Action: Install bat gantries or bat bridges as road crossing structures for bats
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- Two studies evaluated the effects of installing bat gantries as road crossing structures for bats. Both studies were in the UK.
COMMUNITY RESPONSE (0 STUDIES)
POPULATION RESPONSE (0 STUDIES)
BEHAVIOUR (2 STUDIES)
- Use (2 studies): Two replicated studies (including one site comparison) in the UK found that fewer bats used bat gantries than crossed the road below at traffic height, and one bat gantry was not used at all.
Bat gantries, or bat bridges, are purpose-built structures designed to act as linear features that will guide echolocating bats over roads at a safe height above traffic. They typically consist of wood or metal pylons erected on either side of the road with wires or mesh over the road between them. The aim is to both reduce the number of bats killed on roads, and increase the permeability of roads to maintain connectivity for bats across the landscape. Studies have been summarised below if they provide data that can be used to assess effectiveness, such as a control or the proportion of bats that are or are not using bat gantries.
For evidence relating to overpasses (solid structures such as bridges built for pedestrians or vehicles), see ‘Install overpasses as road crossing structures for bats’.
Supporting evidence from individual studies
A replicated, site comparison study in 2010 at four bat gantries (or bat bridges) on four roads within agricultural areas of northern England, UK (Berthinussen & Altringham 2012) found fewer bats using bat gantries to safely cross roads than crossing below them at traffic height. The number of bats using gantries to safely cross roads was lower (2–24 bats, <1–11% of crossing bats) than the number of bats crossing roads at traffic height below gantries (10–751 bats, 17–84%). The four bat gantries were of a similar design (height 6–9 m, width 2 m) with two or three pairs of wires spanning the road (20–30 m) with plastic spheres attached. All four roads had 2–3 lanes of traffic carrying an average of 12,000–17,000 vehicles/day. At each of four gantries, crossing bats were observed and recorded with bat detectors during 10 x 90 minute surveys at dusk or dawn in June–July 2010. Bats were counted as ‘using’ gantries when flying within 2 m of the wires above traffic height (>5 m above the road).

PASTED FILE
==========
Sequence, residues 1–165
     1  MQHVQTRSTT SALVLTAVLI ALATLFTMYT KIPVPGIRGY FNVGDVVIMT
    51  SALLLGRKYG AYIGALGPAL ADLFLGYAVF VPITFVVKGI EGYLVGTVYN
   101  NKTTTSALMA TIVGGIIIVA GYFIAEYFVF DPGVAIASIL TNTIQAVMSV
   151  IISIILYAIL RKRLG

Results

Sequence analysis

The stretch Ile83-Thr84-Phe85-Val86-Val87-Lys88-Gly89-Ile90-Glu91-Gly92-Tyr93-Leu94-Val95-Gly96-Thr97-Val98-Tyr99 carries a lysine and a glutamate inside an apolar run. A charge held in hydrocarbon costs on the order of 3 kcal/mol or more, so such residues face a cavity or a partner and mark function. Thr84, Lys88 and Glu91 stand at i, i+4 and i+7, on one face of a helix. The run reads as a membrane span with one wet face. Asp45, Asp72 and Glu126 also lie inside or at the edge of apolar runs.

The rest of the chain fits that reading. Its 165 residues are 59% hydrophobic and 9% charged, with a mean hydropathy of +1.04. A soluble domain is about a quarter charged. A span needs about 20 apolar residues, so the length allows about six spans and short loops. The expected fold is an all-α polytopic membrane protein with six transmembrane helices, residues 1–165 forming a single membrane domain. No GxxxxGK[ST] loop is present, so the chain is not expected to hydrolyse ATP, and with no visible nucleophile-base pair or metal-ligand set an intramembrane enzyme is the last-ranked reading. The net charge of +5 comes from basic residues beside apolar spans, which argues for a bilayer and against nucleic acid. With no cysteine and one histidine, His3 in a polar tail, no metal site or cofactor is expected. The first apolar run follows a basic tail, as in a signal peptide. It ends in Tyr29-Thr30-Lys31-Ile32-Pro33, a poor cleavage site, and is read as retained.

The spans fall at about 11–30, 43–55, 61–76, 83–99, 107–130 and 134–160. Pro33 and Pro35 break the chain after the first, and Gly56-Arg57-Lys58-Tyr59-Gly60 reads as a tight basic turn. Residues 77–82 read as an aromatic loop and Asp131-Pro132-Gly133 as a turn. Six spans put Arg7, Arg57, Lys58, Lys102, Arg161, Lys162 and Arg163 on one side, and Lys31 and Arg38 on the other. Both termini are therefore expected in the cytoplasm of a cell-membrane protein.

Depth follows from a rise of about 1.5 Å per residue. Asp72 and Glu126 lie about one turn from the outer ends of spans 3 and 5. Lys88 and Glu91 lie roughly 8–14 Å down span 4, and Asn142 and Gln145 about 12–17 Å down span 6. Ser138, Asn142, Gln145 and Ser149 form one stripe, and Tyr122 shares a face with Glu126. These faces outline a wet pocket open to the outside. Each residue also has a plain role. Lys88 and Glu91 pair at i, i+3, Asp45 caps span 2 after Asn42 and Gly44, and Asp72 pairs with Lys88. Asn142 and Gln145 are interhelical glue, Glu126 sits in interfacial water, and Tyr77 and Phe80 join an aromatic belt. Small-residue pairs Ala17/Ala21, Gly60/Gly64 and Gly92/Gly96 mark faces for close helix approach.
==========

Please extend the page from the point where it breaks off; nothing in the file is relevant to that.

A replicated study in 2014 at two bat gantries (or bat bridges) over a road in the UK (Berthinussen & Altringham 2015) found that one bat gantry was used by 3% of crossings bats and another was not used at all. At one gantry, fewer bats used the bat gantry (3%, 1 of 35 bats) than crossed the road below at traffic height (80%, 28 of 35 bats). At the other gantry, no bats used the bat gantry to cross the road, but 4 bats crossed the road below at traffic height. Four bat species or species groups were recorded in total (see original report for data for individual species). Both bat gantries (30 m long x 2 m wide x 7 m high) had wire mesh spanning a four-lane road between two vertical poles on each side. At each of two gantries, crossing bats were observed and recorded with bat detectors during 7–9 x 60 minute surveys at dusk or dawn in June–August 2014. Bats were counted as ‘using’ gantries when flying within 2 m of the wires above traffic height (>5 m above the road).
- Berthinussen A. & Altringham J. (2012) Do bat gantries and underpasses help bats cross roads safely? PLoS ONE, 7, e38775
- Berthinussen A. & Altringham J. (2015) WC1060: Development of a cost-effective method for monitoring the effectiveness of mitigation for bats crossing linear transport infrastructure. Department for Environment, Food and Rural Affairs (Defra), UK report.